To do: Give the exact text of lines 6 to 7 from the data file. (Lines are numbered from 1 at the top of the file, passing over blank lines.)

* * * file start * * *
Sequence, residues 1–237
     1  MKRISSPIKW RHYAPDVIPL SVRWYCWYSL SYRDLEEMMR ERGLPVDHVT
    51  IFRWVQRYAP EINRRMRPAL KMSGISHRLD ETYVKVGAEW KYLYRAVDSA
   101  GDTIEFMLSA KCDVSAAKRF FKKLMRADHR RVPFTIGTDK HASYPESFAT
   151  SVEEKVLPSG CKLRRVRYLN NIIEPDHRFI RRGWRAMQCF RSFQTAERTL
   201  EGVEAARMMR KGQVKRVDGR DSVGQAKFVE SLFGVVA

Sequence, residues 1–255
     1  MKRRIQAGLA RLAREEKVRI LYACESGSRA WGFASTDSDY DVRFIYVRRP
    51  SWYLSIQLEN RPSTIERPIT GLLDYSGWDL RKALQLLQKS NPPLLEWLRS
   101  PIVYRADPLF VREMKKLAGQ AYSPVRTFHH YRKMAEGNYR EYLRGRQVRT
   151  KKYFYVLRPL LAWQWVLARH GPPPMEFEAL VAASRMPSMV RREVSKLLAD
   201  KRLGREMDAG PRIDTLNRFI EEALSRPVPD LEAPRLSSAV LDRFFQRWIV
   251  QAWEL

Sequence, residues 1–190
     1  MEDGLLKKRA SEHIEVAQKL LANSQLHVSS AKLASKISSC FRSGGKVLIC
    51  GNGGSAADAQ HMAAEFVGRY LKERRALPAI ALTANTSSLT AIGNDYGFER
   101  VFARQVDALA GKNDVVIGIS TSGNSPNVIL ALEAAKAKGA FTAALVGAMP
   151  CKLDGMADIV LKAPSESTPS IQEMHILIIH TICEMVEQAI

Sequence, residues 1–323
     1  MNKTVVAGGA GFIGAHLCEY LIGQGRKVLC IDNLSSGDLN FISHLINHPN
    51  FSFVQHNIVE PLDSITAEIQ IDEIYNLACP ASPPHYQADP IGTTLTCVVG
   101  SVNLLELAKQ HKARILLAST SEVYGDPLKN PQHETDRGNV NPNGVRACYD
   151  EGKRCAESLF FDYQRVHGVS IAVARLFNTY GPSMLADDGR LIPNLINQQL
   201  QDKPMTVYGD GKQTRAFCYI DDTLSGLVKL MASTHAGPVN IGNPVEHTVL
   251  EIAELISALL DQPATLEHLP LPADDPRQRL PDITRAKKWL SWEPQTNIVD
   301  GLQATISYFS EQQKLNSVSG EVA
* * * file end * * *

   201  EGVEAARMMR KGQVKRVDGR DSVGQAKFVE SLFGVVA

Sequence, residues 1–255